We need not to go to abroad however to evaluate the business case of fiber. There are important examples in the US. Chattanooga, TN has a municipal fiber project with some controversy. There may be different interpretations on how successful this project is, but the limiting factor in is that not every municipality can get a $100 million grant from the Department of Energy.
Plenty has been written about Google Fiber and the various concessions made by the Kansas City government to win the project. Recall as well that the $300 subscriber sign-up fee had to be nixed in order for the project to get off the ground, showing that consumers balked even for a small fee relative to the life of the subscription. In the case of Provo, UT, for $1 Google took over a municipal fiber network, once $39 million had been sunk in the project. The network was financed by a $5.35 monthly fee levied on all the households in the town whether they subscribed or not. Now that Google takes over the network, only subscribers will pay, but if it doesn’t work out for Google, they can sell the network back to Provo for $1. It is interesting to note that Mountain View, CA, where Google is based, declined to make concessions for the company to build a fiber network.
Business model for broadband networks of the future
There is no doubt that FTTH can enable rich video and entertainment experiences, but for the needs of education and telemedicine, these applications don’t require the gigabit speeds that fiber provide. Even with our knowledge of future scenarios, there are still have many important and unanswered ethnographic questions about how people will use networks. Future proofing may make sense theoretically, but there is no reliable empirical or mathematical model for it. Many of the companies and governments that invest in FTTH as a future proof strategy found that their models didn’t work out.
The idea to throw the baby out with the bathwater—get rid of all of America’s networks and start over with FTTH is overkill. Certainly there are ways we can make broadband network deployment more economical such as improving the process with local government. A case in point is New York City. It can be difficult to get permissions to dig up the streets, and people working in buildings don’t enjoy the walls being ripped out. To be sure, these disruptions can be streamlined. Verizon would like to add more fiber, but the conduits are already full of copper wire, and by law Verizon is required to maintain this infrastructure.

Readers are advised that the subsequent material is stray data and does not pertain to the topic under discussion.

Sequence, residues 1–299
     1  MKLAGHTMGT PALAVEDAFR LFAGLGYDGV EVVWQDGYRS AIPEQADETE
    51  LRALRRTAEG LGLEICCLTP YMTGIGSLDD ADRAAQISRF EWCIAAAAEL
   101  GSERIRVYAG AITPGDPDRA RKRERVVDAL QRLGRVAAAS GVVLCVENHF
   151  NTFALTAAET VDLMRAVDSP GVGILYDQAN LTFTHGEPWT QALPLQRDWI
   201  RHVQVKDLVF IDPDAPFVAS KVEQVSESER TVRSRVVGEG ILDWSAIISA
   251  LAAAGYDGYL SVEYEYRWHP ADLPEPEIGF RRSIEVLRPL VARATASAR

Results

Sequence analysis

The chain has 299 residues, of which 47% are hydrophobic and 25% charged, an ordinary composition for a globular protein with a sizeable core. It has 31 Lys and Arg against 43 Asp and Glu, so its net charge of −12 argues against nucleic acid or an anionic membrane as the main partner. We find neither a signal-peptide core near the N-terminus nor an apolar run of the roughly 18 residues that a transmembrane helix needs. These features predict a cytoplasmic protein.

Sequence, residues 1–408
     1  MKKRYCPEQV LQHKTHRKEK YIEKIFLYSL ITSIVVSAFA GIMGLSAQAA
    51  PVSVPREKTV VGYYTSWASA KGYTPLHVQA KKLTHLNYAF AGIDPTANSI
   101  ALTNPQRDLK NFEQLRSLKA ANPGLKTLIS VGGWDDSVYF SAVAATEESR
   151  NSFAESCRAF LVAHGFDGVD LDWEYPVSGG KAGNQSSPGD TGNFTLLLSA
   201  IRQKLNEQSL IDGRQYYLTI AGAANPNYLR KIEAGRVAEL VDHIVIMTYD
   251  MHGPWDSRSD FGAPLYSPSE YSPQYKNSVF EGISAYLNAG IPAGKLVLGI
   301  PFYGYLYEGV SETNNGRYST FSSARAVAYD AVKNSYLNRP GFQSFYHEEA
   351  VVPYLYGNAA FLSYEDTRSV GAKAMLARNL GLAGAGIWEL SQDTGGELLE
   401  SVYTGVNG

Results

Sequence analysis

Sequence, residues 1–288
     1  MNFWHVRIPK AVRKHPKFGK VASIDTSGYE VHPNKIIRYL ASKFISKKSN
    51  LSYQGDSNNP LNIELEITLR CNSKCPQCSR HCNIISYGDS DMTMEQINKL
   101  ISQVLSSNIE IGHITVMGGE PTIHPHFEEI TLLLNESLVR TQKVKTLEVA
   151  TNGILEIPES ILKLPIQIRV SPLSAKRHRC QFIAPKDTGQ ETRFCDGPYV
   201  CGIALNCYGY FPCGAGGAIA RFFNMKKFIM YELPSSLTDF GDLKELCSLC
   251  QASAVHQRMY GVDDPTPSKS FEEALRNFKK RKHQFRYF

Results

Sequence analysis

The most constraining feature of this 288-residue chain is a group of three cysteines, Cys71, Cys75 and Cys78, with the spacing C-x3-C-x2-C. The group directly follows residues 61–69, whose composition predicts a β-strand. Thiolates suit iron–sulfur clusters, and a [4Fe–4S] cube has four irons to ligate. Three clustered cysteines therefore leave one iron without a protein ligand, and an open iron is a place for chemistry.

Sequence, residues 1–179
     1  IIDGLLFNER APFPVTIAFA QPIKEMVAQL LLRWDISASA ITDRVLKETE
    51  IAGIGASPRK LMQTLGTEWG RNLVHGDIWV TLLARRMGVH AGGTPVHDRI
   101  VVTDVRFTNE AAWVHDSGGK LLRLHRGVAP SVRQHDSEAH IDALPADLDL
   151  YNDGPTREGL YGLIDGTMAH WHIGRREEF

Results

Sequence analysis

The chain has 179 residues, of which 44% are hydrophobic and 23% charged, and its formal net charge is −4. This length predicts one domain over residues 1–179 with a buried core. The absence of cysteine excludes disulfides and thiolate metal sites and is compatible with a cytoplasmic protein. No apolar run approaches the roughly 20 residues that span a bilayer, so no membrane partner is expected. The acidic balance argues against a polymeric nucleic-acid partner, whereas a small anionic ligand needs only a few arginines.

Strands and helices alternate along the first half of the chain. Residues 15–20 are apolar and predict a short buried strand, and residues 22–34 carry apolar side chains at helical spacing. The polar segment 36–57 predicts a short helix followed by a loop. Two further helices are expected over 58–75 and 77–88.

Google Fiber in Kansas City proved that lifting restrictions can translate into more investment. Standardizing the rules for infrastructure rollout so that carriers don’t have to negotiate with each and every town and landlord would go a long way, so would improving the regime for cable franchising. Another area for reform is spectrum. And there is no doubt that companies will continue to innovate, whether it is DSL companies transitioning to IP switches, cable companies upgrading to DOCSIS 3.0, or R&D in mobile. Ericsson, NSN, Alcatel / Lucent, and Qualcomm are just a few of the companies working on 5G standards for mobile, technologies that can download an entire movie in a minute.
The fact of the matter is that many technologies are competing to be the network of the future. We should encourage this competition. Consumers only benefit from this dynamic interplay. As for the US having a low-average penetration of FTTH, if the argument is nationwide FTTH rollout for economic development, it seems to me to be prudent that the US has not invested more in FTTH, given that the global data does not show that countries necessarily improve their GDP by investing in FTTH. Maybe that will change in the future, but that is what the data shows today.
People can fall in love with a technology and become blind to its shortcomings. Thus we need to be careful about these silver bullet solutions, such as FTTH for everyone. There are many things to consider: the speeds of applications, the needs of users, the costs of deployment, and the price of substitutes. Broadband at any cost is not a worthwhile investment. If Americans can get access to the bandwidth they want at a fair price, they will care very little what kind of network it is. The next blog post investigates whether there is a cable/mobile duopoly in broadband.